International Association of
Assistance Dog Partners (IAADP)
IAADP Conference Information
Exciting IAADP Webcast scheduled for July 20th 2013
In lieu of a traditional conference in 2013, this year IAADP has embarked on a pioneering venture in cyberspace! We wanted to broaden the opportunity for over 3000 IAADP members and others with a personal or professional interest in our topics to be able to attend and learn from our workshops. All you will need is access to the internet to join us for this online Event.
MARK YOUR CALENDAR: Saturday, July 20th, 2013, 1:30 p.m. to 4:30 p.m. EST
IAADP’s board decided to waive this year's Registration Fee to ensure that the cost won’t be an obstacle for many disabled persons and others living on a very tight budget who could benefit from the information conveyed through this year’s Workshops.
What is a Webcast? Similar to a conference, it will give you the opportunity to enjoy more than one workshop. However the experience will seem much more up close and personal to many. Rather than sitting in an audience watching a speaker up on stage at a considerable distance away and possibly, a small movie screen near the speaker to display some slides, a webcast gives you a front row seat. Actually better than front row! Our guest speakers will be as near to you as if seated across a table from you. Two thirds of the webcast screen .....or 2/3rds of the computer monitor screen if you go to “full screen”..... will display colorful slides with text highlighting some of the information conveyed by the guest speaker. In our second presentation, there will also be video footage to enhance this learning experience.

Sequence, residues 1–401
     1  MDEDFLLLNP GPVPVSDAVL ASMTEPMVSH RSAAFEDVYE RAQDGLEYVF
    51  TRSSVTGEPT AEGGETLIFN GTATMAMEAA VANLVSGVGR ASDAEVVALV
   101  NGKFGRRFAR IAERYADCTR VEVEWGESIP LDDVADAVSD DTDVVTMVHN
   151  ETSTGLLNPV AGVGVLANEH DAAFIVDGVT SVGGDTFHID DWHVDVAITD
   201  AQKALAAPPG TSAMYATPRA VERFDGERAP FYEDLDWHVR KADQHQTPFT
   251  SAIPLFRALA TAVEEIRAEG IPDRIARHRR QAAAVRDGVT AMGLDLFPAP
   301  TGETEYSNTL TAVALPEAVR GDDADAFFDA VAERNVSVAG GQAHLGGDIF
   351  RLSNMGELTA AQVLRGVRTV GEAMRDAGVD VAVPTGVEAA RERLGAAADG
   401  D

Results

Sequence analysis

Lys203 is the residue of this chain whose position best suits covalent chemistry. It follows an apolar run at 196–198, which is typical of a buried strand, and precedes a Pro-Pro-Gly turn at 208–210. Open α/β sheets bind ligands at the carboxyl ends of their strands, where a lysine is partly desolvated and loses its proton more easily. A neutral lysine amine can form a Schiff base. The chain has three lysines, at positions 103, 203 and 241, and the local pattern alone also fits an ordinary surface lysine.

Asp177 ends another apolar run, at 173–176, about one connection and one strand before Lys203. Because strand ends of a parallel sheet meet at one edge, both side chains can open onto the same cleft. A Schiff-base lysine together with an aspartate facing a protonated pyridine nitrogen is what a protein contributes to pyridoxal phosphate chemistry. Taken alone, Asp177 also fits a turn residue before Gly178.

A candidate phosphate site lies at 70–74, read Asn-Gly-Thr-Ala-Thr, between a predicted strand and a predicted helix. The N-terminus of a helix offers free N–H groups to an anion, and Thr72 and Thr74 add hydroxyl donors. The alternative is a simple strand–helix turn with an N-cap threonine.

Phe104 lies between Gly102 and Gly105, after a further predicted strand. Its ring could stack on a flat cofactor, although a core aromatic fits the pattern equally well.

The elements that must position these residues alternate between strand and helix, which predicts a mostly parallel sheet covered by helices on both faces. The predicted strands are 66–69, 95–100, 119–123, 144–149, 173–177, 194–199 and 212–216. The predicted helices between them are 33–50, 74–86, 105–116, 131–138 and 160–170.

Rather than the typical 30 - 45 min. length of a conference workshop, we decided to give our Guest Speakers the opportunity to provide us with a more in depth presentation. We told them not to worry about time if their presentation goes over an hour by 10 minutes or so. Together with IAADP’s introduction to each workshop and a 10 minute break between the two, we estimate our webcast will be approximately 3 hours in length. You are welcome to join us for one or both workshops!
REGISTRATION: Come back to this web page several days before June 1, 2013, the date of the broadcast for directions and links so you can enroll in this premiere event.